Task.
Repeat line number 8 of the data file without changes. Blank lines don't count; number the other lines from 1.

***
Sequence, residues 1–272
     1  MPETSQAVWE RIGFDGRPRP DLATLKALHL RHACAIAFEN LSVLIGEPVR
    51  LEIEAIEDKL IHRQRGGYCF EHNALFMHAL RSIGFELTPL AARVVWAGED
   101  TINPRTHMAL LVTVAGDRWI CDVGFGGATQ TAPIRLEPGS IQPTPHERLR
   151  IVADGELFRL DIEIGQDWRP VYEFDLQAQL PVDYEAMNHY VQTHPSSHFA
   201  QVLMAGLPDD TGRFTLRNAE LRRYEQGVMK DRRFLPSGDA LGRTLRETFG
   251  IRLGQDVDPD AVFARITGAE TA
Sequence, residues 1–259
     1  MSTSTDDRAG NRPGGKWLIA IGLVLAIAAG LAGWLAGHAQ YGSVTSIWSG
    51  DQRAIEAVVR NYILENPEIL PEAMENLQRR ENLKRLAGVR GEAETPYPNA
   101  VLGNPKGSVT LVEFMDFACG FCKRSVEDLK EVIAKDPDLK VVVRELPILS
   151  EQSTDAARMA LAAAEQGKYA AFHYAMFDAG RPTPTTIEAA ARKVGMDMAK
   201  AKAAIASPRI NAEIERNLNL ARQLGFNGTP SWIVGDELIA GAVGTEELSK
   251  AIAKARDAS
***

Sequence, residues 1–259